From a hellish hostel in Liverpool:

Imagine this: it’s 3:30am on a Monday morning. You’ve been lying in bed for five hours, but still haven’t managed to fall asleep. Why, you ask? Because your fifth-floor hostel room’s thermostat reads “30 C”, and the pub directly below your window has been blaring music since the late afternoon. Ever heard the dance remix of John Denver’s “Take me Home, Country Roads”? I hadn’t either until that morning.

After lying in a pool of literal sweat and tears that night, I caved and rented a hotel room for my remaining two days in Liverpool. While my budget hotel had some life changing air-conditioning, it didn’t have many other perks. So, like any college student on a budget, I’ve been returning to the Hellish Hostel each morning for free breakfast, lots of coffee, and speedy Wi-Fi.


A pretty street in downtown Liverpool, taken outside the not-so-hellish hotel

Here in Liverpool, I’ve been working with an organization called In Harmony. With four different sites across England, In Harmony strives to provide accessible music education to students in underprivileged areas. In Harmony Liverpool, in conjunction with the Liverpool Philharmonic, works in three different schools in a neighborhood called Everton. Over the last three days, I’ve had the opportunity to visit In Harmony Liverpool’s sites scattered throughout the neighborhood, chat with teachers and staff, observe lessons and rehearsals, and even do some teaching.

Many of the children involved with In Harmony Liverpool are preparing for their final orchestra concert this coming Sunday at Philharmonic Hall. Titled “Stars and Stripes” the concert features all American-inspired music in celebration of America’s birthday. While observing a rehearsal yesterday evening, I (introduced as a real-life American) was asked to discuss what the 4th of July is and why we celebrate it.

A bulletin board put up by teachers at a nursery that In Harmony-Liverpool serves

Tonight, I take the train for a four-hour ride back to London. Tomorrow, I fly to Greece. These last ten days have been a whirlwind of fun and excitement, sweat and exhaustion, and lots and lots of learning. I look forward, though, to the remaining seventy. Farewell, England!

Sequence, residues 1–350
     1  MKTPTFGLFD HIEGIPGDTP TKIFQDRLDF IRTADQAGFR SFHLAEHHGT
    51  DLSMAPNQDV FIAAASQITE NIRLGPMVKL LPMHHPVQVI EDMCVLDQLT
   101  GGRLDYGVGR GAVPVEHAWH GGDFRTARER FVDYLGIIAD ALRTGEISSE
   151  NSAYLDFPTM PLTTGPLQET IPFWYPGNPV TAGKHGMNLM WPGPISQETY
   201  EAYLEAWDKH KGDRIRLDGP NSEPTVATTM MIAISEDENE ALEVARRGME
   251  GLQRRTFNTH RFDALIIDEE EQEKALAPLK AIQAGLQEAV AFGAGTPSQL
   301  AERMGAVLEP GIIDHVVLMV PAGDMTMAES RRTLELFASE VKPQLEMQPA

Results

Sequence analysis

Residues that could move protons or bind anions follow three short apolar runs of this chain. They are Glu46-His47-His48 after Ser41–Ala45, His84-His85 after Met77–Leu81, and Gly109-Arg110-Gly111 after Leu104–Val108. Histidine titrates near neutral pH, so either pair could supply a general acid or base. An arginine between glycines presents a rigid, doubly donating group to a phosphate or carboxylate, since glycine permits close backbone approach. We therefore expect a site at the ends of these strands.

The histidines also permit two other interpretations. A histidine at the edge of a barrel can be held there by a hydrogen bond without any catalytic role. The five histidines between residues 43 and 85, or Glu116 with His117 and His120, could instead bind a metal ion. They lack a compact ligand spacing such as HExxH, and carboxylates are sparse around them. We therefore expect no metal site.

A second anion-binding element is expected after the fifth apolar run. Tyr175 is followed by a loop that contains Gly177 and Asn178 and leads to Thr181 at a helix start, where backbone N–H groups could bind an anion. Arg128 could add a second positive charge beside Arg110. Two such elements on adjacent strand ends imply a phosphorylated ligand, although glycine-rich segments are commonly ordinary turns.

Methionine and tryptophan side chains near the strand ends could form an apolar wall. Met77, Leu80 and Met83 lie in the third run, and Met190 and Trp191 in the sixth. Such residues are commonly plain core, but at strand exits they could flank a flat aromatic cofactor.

My stay in England has left me feeling thankful for lots of things. Here are twice more than my usual three:

  • 1. Friends that fly to London to watch three musicals with you in one weekend—shout out to Tynan (who probably hasn’t read any of these blog posts).
  • 2. Organizations that have welcomed me with open arms—In Harmony has been filled with some of the nicest, most inspiring people I’ve met in a while. I’m filled with gratitude for such great hospitality that has been shown to me over the last few days, in addition to the whole Sistema community in England.
  • 3. Liverpool One Church—after spontaneously walking in for a Sunday nice service (at which I planned to sit in the back, talk to no one, and leave promptly after worship was over) I was greeted by some lovely gals who introduced me to numerous young adults and invited me out for pizza after the service!
  • 4. Air-conditioning—no explanation needed.
  • 5. The World Ensemble for reaching out to learn more about my summer adventures and publicize some of my writing in their biweekly newsletter. You can learn more about it here.
  • 6. The U.S. of A.—while I know it seems as though I leave the country every chance I get, I’ve got a big, big heart for the USA. I don’t get homesick often, but it’s hard not to feel a little lonely when I’m out of the country for the 4th.